Implementing Agricultural Best Management Practices Improves Water Quality
Nonpoint Source Program Success Story , 2010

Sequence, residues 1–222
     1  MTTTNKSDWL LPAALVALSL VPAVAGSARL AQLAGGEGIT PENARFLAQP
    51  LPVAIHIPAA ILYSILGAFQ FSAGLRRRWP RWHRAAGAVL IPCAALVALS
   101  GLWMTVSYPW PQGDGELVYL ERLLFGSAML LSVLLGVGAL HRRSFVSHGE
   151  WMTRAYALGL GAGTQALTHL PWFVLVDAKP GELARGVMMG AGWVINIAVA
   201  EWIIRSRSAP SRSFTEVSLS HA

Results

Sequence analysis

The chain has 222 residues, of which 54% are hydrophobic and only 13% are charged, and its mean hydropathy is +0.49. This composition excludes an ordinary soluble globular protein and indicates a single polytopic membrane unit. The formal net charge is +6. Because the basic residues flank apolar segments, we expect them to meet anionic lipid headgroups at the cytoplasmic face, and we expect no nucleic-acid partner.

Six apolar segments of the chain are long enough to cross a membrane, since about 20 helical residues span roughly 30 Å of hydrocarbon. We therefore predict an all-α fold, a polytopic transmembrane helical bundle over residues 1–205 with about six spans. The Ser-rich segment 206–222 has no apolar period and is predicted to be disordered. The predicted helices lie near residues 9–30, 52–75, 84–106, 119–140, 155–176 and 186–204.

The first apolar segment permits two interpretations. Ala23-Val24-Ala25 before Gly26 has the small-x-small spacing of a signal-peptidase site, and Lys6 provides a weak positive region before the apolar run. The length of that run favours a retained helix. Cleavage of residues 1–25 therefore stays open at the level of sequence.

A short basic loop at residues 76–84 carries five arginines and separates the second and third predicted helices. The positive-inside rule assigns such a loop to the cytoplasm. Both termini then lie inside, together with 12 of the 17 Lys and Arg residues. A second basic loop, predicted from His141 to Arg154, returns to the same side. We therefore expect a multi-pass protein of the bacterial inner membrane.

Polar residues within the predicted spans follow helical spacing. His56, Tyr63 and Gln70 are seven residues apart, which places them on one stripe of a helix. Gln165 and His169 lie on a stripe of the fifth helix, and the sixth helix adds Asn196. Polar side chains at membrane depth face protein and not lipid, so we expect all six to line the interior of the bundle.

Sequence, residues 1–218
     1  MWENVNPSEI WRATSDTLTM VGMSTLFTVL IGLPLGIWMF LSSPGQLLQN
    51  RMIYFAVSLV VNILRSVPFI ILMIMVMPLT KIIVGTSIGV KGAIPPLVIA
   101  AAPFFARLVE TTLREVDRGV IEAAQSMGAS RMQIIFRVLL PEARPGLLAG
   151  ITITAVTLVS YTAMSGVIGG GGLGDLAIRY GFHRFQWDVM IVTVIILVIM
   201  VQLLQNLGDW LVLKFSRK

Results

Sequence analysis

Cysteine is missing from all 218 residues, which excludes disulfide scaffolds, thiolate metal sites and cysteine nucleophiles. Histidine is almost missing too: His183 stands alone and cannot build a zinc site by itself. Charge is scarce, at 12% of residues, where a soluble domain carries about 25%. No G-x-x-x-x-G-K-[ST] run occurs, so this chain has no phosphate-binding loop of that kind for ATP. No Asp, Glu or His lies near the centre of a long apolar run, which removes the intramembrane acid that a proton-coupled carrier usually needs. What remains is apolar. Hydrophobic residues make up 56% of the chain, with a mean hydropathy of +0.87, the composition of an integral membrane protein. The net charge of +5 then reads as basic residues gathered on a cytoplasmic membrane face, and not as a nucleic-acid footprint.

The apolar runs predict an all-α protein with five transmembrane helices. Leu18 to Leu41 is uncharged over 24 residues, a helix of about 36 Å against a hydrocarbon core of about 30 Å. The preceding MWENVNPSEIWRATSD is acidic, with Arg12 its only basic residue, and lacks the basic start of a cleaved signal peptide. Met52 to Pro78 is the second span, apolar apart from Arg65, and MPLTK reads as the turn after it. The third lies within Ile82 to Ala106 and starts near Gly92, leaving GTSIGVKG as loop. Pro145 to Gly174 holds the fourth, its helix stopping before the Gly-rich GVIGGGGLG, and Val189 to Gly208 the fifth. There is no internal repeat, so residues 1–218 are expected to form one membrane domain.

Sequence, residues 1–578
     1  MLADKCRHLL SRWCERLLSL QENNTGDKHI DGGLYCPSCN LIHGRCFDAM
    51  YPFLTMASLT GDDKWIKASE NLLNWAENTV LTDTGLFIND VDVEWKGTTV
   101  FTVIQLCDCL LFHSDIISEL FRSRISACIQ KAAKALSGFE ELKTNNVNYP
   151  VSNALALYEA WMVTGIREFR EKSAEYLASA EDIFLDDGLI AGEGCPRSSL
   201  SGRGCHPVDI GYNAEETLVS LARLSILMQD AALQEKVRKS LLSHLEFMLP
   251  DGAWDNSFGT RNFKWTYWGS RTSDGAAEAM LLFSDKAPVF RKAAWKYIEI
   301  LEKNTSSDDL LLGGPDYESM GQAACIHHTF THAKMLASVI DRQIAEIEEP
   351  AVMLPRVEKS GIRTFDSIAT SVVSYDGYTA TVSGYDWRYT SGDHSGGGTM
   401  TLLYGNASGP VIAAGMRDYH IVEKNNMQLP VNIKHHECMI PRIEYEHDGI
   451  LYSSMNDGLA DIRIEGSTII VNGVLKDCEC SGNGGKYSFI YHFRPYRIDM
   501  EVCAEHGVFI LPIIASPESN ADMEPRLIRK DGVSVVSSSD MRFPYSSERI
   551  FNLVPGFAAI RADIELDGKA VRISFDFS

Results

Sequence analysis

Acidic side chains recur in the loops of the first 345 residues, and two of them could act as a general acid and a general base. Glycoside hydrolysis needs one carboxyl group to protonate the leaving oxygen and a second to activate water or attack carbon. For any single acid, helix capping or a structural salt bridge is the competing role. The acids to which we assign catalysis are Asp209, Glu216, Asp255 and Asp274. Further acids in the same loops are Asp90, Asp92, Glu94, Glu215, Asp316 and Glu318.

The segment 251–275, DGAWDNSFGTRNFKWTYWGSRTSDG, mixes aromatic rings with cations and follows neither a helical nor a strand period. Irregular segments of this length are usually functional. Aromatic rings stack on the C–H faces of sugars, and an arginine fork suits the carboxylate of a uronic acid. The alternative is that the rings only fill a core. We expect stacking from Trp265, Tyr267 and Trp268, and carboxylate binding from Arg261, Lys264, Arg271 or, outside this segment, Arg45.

High levels of E. coli bacteria and low dissolved oxygen due in part to runoff from agricultural areas impaired Oklahoma’s Little Elk Creek, preventing the waterbody from attaining its primary body contact recreation and fish and wildlife propagation designated uses. In addition, the stream was impaired from the presence of oil and grease, which prevented it from attaining its aesthetics designated use. In response, Oklahoma added a 16-mile-long segment of Little Elk Creek to the state’s 2002 Clean Water Act (CWA) section 303(d) list of impaired waters. Implementing best management practices (BMPs) that promoted conservation tillage and proper nutrient management led to decreased bacteria and nutrient levels in the creek. As a result, a segment of Little Elk Creek was removed from Oklahoma’s 2008 CWA section 303(d) list for E. coli and dissolved oxygen. The creek was also delisted for oil and grease. The creek now partially attains its primary body contact recreation designated use and fully attains its fish and wildlife propagation and aesthetics uses.